From Iceland — Prime Minister Does Not Rule Out New Law

Prime Minister Does Not Rule Out New Law

Published January 8, 2010

Icelandic Prime Minister Jóhanna Sigurðardóttir told reporters that she doesn’t rule out the possibility of simply re-drafting a new Icesave law, instead of taking up a national referendum.
The prime minister told Vísir that she would need to see great multi-partisan support for a new committee to draft a new deal to offer British and Dutch authorities with regards to Icesave. This news comes on the tail of related news that the conservative opposition parties – perhaps seeing that only 42% of the nation actually approved of the president’s veto of the Icesave law – now support the idea of a new Icesave law drawn up by the ruling coalition, instead of a national referendum.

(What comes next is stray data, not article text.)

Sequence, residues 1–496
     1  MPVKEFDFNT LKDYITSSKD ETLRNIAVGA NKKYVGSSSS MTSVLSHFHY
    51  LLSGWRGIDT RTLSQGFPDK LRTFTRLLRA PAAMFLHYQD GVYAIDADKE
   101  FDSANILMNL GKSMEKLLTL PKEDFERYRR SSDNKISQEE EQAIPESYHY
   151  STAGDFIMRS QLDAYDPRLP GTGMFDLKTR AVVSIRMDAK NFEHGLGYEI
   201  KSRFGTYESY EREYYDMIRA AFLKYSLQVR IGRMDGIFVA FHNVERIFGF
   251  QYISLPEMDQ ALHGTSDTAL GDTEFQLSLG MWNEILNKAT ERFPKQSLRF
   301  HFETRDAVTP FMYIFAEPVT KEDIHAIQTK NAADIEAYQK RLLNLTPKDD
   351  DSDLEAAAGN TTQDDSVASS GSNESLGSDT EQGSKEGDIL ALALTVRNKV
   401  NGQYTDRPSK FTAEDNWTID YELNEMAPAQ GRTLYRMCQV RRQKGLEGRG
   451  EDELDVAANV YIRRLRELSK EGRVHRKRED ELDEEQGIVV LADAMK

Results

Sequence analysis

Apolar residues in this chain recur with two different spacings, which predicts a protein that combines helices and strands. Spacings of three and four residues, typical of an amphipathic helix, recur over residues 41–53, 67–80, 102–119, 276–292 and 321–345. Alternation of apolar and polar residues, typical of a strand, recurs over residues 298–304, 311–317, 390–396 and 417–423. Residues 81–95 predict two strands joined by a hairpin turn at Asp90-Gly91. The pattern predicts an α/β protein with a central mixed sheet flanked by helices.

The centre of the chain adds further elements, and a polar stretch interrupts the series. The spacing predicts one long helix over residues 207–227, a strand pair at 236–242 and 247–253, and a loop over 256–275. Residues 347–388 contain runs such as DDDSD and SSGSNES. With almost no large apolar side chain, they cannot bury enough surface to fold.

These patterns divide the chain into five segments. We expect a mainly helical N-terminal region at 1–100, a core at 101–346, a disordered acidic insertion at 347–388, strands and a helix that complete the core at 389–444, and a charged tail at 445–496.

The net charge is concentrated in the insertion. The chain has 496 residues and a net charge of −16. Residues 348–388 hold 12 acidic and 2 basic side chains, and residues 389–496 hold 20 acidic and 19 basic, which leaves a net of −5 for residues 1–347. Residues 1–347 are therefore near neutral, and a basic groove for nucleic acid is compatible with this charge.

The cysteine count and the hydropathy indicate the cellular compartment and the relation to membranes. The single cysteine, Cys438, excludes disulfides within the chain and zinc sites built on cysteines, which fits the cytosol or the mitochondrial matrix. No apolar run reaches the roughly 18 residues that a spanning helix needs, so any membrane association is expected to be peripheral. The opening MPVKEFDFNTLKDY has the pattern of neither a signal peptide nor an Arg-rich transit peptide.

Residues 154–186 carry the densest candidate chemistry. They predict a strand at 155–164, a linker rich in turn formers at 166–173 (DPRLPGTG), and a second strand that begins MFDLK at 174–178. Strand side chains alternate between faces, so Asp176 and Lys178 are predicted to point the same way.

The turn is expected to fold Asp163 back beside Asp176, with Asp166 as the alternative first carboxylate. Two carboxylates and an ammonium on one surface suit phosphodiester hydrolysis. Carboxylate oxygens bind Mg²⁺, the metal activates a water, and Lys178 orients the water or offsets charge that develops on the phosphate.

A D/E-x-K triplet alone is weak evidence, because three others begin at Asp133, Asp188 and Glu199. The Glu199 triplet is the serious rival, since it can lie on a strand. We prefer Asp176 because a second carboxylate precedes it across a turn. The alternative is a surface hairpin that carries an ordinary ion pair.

The Prime Minister’s idea is in harmony with tje opinions of London School of Economics professor Jón Daníelsson and former Social Democrat heavyweight Ingibjörg Sólrún Gísladóttir, as well as 67% of the Icelandic people.
The current referendum plans estimate preliminary costs at about 20 million ISK, and could be held as soon as 20 February.

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